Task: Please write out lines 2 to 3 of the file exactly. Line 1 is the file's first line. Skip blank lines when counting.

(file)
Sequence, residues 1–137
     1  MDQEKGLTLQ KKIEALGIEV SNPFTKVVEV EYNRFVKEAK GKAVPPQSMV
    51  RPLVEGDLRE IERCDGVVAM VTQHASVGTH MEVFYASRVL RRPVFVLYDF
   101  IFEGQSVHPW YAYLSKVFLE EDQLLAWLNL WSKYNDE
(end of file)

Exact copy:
     1  MDQEKGLTLQ KKIEALGIEV SNPFTKVVEV EYNRFVKEAK GKAVPPQSMV
    51  RPLVEGDLRE IERCDGVVAM VTQHASVGTH MEVFYASRVL RRPVFVLYDF